"WHAT?! WHAT DO YOU MEAN HE'S GONE?!"
Dwalin looked up from his watery soup and squinted at the door. He could hear Dáin alternating between cursing something fierce, and interrogating the unfortunate bastard that had managed to piss him off. He felt a brief stab of surprise at the Dwarf's anger—Dáin kept his cool even when things went sour; like that time he and Thorin decided to steal King Thrór's favorite book, "The Stone Mason's Mistress," only to be caught by the king himself—but mostly he was curious over what ruffled him up so badly. Whatever it was, it had to be big.
To his joy, Dáin came stomping into the room with his face as red as Glóin's hair, and his braids messy and undone. He looked like a weasel that had been upturned in the middle of his nap. When his blue eyes landed on Dwalin, they narrowed into slits. He stomped over to the warrior and threw a wrinkled envelop into his face.
"Read this. Now," the Lord growled before turning back on his heel with a dramatic flourish of his cloak because he was secretly as dramatic as Thorin was in front of Bilbo.
"Wait, why? Who is this from?" he called as Dáin stalked off. "Dáin!"
"Just read it!" the other Dwarf roared back without stopping. "And I'm going to tell our stupid cousin that his dumbass intended has run off for Mordor!"
Dwalin dropped his bowl of soup. "WHAT?!"
"Master Balin? I have a letter here for you from Lord Dáin."
Balin nodded and held out his hand without looking away from the papers he was going through. "Thank you. Dismissed."
The attendant gave him a thickly bound letter before bowing and leaving. Balin tossed it onto his table and finished reading the reports he had before finally looking at the letter from Dáin. To his surprise, the handwriting on the envelope was not the familiar slashes he had been expecting. Curious, he picked up the letter, broke the seal, and then skimmed over the excessively curvy letters. What he read made his very heart stop in his chest.
"Oh no. Bilbo… what have we done?"
"From Uncle Dáin? About what?" Kíli wondered as he took a thick envelope from one of Dáin's personal guards.
"Wait, this is Bilbo's handwriting," Fíli realized as he scanned his own yellow envelope. "Why is he sending us letters?"
The guard shrugged helplessly. "I don't know. All I was told by Lord Dáin was to deliver these letters to you both."
Fíli exchanged a look with his brother before dismissing the unknown guard. Once the stranger was gone, he opened the letter and began to read. Five minutes later the letter was a crinkled mess on the floor as he lunged for his still-reading brother. Kíli squawked and caught him with one arm while the other splayed behind him in order to balance himself from falling off his chair.
"Fíli! What the hell?!" he yelled as pushed away the blond braids falling into his face. "What is wrong with you?!"
"You were supposed to die," Fíli rasped as he hugged his only brother tighter. "We both were. We were meant to die…"
He felt Kíli relax in his arms slightly but he didn't dare relinquish his hold. "Fee, what…?"
"Read your letter, Kíli," he bid as he buried his face in the messy dark locks, and tried his best not to imagine a world without his little brother at his side. "Just read it."
"Brother? What are you reading?" Glóin asked as he waltzed into the room that Óin had claimed as his own. His older brother stood before a table covered with his herbs, tools, and other healing nonsense that he knew all about, but never bothered to share with anyone. Óin had always got pissed at him for not knowing so he made it a point to act dumb just to annoy him.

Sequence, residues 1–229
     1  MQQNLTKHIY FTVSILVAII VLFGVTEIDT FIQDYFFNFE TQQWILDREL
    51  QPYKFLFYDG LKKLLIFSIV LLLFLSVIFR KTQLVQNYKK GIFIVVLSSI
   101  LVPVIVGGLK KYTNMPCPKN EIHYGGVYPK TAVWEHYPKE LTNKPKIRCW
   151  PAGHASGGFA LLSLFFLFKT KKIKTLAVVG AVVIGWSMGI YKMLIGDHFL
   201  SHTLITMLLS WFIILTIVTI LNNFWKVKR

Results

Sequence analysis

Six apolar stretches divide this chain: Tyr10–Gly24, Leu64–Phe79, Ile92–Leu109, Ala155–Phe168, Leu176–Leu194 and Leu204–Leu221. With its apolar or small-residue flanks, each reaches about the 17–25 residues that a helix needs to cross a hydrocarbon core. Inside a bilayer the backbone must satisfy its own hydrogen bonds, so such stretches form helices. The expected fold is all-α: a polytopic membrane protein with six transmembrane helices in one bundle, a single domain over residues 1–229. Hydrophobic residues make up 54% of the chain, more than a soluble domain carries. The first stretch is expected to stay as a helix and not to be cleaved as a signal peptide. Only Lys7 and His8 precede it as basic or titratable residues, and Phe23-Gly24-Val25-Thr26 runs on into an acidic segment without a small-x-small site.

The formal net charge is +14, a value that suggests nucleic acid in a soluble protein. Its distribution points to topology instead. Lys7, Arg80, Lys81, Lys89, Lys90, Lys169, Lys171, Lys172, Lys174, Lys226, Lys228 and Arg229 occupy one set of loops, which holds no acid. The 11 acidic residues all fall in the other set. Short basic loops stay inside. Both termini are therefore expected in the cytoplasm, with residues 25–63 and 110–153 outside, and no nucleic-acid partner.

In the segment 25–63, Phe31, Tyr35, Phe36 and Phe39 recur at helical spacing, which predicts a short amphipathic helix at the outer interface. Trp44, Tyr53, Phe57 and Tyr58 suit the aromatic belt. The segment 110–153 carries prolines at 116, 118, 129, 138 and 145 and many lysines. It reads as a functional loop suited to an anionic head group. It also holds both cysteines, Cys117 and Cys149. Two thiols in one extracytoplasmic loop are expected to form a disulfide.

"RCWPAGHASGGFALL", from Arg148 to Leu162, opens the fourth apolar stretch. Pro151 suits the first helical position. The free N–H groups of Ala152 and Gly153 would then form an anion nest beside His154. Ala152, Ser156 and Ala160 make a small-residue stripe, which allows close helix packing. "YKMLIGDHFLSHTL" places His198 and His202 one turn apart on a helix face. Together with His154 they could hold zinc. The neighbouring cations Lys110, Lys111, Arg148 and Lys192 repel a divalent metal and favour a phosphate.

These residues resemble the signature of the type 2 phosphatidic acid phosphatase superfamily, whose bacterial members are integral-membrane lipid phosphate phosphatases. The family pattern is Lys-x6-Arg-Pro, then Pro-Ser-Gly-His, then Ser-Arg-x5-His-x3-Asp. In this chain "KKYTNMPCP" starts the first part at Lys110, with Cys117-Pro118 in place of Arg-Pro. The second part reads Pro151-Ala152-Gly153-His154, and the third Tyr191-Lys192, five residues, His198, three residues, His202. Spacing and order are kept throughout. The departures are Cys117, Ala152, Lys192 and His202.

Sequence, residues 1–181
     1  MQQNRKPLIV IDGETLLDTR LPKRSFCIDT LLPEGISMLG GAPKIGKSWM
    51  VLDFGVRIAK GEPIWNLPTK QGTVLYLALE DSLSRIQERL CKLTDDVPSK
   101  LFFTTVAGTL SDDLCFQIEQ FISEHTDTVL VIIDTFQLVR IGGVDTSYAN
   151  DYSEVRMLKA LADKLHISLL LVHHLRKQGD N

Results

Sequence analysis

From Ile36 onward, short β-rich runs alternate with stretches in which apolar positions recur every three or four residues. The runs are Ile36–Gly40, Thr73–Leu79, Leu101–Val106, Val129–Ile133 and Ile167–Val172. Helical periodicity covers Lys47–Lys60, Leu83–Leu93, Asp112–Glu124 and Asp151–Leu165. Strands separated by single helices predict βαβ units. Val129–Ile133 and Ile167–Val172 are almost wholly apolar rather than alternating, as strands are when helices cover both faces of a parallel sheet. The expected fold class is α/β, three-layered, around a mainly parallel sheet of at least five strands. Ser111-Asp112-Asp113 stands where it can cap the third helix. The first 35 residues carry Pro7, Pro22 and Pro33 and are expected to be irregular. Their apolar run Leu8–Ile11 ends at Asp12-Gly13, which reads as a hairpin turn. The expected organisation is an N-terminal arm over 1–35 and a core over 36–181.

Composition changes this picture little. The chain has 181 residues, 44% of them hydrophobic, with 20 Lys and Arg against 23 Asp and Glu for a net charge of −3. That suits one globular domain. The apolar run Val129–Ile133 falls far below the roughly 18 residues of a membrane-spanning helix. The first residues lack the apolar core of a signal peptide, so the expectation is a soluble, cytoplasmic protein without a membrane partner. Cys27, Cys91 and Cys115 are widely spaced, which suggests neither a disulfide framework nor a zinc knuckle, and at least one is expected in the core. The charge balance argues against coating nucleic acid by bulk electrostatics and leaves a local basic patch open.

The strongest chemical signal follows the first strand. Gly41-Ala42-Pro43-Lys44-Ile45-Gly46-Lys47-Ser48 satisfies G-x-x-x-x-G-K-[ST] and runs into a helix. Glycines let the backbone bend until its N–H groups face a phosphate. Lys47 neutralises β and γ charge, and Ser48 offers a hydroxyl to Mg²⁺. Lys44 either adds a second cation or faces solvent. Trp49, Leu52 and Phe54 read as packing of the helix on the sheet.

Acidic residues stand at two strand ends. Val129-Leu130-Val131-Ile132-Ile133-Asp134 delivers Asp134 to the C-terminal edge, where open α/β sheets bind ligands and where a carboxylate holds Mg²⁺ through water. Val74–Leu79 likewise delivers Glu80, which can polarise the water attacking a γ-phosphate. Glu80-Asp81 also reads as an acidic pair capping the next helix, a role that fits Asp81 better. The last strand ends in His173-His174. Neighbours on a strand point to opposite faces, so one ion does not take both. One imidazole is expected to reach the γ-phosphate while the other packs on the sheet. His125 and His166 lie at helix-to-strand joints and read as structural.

The healer did not answer as he continued to read the letter in his hands. As he watched, his older brother's eyes began to grow wide before narrowing, and then finally settling on watery. He sniffed a few times but did not allow the tears to fall, and Glóin couldn't help but roll his eyes over that. Óin would rather kiss an Elf before he ever dared to cry in front of his little brother.
"Really, what are you reading?" he asked again as he walked closer to the other Dwarf. "Is it another letter from Dís? I know that you two have some sort of freakish bond where you both get a kick out of torturing Thorin with guilt and nasty medicine, but I really don't think now is the time to complain to her over his stubborn ass—"
"Glóin," Óin interrupted without raising his voice or looking away from his letter, "I think I just discovered how I'm going to die."
"Bofur? Is this real?" Bombur wondered as he looked up from his letter to stare at the Dwarf across from him. Bofur ignored him and kept reading the letter with eyes that were growing darker and darker with every second. He didn't blame his brother. His own stomach felt curled into knots, and he didn't know if he wanted to cry or scream over what he had just learned.
"Oh, what have we done?" he wondered out loud as he thought of their halfling friend who had sacrificed more than he thought possible for them. "We were so suspicious of him for so long; it must have hurt him so much to be so mistrusted! And Thorin! How could we ever let him or our princes die—"
"Bombur," Bofur interrupted as he finally looked up to his brother with his dark eyes. "I think Bilbo may have just bitten off more than he can chew."
"Are you fucking kidding me?!"
"Dori! Not in front of Ori!" Nori scolded with a mocking scowl as he covered Ori's ears.
Dori—to his great surprise—ignored him and simply kept walking back and forth as he read the letter in his hands. Ori held a similar letter in his hands, and was speeding through it with remarkable precision. On Ori's lap sat an unopened letter with Nori's own name scratched across. He squinted at the handwriting but could only vaguely recall it from somewhere.
"Nori, I think you need to read your letter," Ori said slowly as he held up the envelope with his name on it without looking away from the letter in his other hand. Nori shrugged and took the parchment and opened it with one of his daggers. He quickly skimmed over the letter inside, and then felt the floor fall out under his feet.
"Thorin? Are you all right?"